First Aid

Brief introductory text to go here, if appropriate.

This is for reference and education only, if you have an emergency please call 000 immediately. For medical information please call the Poisons Information Centre on 13 11 26.

Pressure-immobilisation First Aid for venomous bites and stings

The pressure-immobilisation first aid technique was developed in the 1970's by Professor Struan Sutherland.  Its purpose is to retard the movement of venom from the bite site into the circulation, thus "buying time" for the patient to reach medical care.  Research with snake venom  has shown that very little venom reaches the blood stream if firm pressure is applied over the bitten area and the limb is immobilised. Pressure-immobilisation was initially developed to treat snakebite, but it is also applicable to bites and stings by some other venomous creatures. It is currently recommended for most life threatening venomous bites and stings in Australia.

Pressure-immobilisation is recommended for:

Do not use pressure-immobilisation first aid for:

All Australian venomous snake bites, including sea snake bites

Other spider bites, including mouse spiders, white tailed spiders and redback spiders

Funnel web spider bites

Jellyfish stings

Blue ringed octopus bites

Stonefish and other fish stings

Cone snail (cone shell) stings

Bee and wasp stings

How to apply pressure-immobilisation first aid

Or download "First Aid for Snake Bites in Australia and New Guinea PDF, 335.2 KB".

Snakebite

First Aid for snakebite (all land and sea snakes)

  • Phone or send for medical assistance, dial 000.
  • Reassure the person and encourage them to remain calm.
  • Have the person remain as still as possible. Do not attempt to catch or kill the snake.
  • Apply a pressure bandage to the envenomed limb (see below). If the bite is to the trunk, apply firm pressure to the bitten area. Do not restrict chest movement.
  • Splint or sling the limb to restrict movement. Where possible, help should be brought to the person rather than moving the patient.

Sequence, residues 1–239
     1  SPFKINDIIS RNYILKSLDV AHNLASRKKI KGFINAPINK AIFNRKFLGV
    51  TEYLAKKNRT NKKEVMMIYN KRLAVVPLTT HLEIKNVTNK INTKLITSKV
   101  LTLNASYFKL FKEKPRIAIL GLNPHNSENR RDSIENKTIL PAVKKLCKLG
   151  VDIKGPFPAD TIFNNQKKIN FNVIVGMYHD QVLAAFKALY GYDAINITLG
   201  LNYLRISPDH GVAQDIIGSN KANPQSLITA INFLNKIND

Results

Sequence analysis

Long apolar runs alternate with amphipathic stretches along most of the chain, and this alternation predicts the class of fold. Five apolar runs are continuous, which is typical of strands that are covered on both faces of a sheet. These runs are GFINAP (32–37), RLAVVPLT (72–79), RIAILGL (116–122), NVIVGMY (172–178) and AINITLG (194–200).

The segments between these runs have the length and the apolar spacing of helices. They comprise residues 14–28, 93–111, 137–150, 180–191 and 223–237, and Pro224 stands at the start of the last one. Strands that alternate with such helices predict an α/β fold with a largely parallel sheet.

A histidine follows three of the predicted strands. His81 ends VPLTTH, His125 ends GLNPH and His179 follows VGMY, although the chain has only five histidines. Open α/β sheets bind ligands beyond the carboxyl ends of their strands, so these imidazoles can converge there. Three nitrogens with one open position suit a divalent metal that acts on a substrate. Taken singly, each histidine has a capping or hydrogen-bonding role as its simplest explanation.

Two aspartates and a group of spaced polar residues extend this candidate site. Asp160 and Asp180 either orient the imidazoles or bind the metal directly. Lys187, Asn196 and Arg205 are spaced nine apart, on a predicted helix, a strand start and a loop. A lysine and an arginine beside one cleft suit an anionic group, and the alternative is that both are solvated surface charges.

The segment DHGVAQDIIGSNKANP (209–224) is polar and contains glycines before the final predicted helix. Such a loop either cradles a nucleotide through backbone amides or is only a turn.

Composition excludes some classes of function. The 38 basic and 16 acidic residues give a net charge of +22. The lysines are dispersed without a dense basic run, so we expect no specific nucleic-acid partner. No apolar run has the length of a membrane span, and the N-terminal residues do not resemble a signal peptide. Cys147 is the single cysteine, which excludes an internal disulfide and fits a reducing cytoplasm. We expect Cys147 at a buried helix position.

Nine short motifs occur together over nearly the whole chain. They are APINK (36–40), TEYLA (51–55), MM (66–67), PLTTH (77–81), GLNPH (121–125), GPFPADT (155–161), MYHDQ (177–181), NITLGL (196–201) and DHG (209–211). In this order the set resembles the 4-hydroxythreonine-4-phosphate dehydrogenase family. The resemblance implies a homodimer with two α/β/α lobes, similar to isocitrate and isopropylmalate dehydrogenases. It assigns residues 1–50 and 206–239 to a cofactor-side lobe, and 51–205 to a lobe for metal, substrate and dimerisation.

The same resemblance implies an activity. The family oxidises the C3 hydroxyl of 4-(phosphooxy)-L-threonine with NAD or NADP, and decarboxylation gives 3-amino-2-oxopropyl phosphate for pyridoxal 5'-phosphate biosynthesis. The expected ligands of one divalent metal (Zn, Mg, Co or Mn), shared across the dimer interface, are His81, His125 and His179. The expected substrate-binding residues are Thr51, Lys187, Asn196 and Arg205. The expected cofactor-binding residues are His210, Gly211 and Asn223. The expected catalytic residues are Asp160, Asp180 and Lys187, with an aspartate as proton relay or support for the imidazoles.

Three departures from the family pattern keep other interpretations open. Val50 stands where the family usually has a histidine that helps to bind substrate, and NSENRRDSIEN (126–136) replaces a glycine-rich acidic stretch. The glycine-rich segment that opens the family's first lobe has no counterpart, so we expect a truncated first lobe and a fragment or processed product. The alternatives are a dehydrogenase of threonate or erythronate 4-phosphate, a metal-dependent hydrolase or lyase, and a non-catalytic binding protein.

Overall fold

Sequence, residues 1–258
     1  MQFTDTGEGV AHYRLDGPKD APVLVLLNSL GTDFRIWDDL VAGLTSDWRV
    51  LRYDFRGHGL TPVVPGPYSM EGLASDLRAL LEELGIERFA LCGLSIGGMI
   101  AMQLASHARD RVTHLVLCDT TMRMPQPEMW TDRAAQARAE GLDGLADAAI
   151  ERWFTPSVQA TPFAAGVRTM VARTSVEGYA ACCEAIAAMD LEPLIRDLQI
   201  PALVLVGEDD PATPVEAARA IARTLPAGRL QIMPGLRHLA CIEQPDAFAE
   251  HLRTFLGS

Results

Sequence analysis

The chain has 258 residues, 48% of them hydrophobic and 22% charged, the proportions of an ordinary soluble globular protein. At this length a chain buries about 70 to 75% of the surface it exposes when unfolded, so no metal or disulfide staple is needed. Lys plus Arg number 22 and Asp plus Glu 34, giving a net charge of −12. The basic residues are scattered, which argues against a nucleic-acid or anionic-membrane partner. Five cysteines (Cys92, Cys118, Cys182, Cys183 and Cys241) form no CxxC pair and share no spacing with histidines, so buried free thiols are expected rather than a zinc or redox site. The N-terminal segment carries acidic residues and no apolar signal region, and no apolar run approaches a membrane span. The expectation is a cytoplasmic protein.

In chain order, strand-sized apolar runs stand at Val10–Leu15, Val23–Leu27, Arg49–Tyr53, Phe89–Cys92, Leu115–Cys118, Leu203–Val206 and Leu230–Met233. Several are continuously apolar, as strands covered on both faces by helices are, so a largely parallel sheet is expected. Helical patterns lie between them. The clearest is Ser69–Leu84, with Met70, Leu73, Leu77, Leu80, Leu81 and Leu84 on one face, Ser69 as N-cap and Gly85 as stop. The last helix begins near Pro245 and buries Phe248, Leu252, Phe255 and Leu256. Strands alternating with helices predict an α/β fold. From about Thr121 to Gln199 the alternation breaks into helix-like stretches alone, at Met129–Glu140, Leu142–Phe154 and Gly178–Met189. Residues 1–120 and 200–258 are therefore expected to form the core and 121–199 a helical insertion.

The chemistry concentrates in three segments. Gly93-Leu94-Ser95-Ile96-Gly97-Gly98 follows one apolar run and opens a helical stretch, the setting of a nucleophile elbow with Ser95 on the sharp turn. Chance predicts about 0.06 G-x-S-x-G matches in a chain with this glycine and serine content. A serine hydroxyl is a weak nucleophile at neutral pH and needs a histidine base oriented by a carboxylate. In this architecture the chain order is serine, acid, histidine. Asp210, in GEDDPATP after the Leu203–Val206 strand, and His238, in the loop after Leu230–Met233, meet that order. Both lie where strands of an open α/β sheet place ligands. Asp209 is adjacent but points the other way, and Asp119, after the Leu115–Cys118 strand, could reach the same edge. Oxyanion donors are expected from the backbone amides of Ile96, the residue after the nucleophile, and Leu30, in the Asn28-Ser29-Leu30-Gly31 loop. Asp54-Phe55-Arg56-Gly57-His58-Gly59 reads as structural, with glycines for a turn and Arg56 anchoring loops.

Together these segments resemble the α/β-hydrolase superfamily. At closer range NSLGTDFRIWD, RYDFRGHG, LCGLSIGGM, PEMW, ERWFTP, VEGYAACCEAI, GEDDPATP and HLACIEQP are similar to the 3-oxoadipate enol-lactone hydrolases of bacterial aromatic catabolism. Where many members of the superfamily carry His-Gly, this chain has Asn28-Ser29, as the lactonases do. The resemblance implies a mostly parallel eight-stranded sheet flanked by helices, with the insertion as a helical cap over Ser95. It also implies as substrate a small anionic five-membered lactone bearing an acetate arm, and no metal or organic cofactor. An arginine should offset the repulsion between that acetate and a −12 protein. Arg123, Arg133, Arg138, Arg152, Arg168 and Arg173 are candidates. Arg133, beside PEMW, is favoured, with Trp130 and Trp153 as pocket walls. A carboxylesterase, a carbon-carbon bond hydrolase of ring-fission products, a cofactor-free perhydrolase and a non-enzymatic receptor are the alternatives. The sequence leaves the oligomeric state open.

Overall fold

Preventing snakebite (land  snakes)


    drawing of person approaching snake

    Many cases of snake bite can be avoided by following these simple rules:

  • Leave snakes alone.
  • Do not attempt to catch or handle snakes.
  • Wear stout shoes and adequate clothing, including long trousers, in 'snake country'. Do not wear sandals or thongs.
  • Never put hands in hollow logs or thick grass or under woodpiles, building material etc without prior inspection.
  • When stepping over logs, carefully inspect the ground on the other side.
  • Keep barns and sheds free of mice and rats as they may attract snakes.
  • Keep grass well cut - particularly in playgrounds, around houses etc.
  • Take care around houses, barns etc on warm nights, as snakes may be active at this time. Use a torch and wear adequate footwear.
  • Do not handle snakes whilst intoxicated.
  • Educate children in the above precautions.
  • Do not rely on visual identification of snakes as non-venomous, as appearances and coloration may vary considerably within species.

Jellyfish

There is no nationwide recommendation for jellyfish stings and the appropriate first aid depends on the species responsible for the envenoming.

The effects of jellyfish stings range from mild burning to loss of consciousness and even death. The most severe cases in Australia have been associated with the box jellyfish, Chironex fleckeri, the Irukandji jellyfish, Carukia barnesi.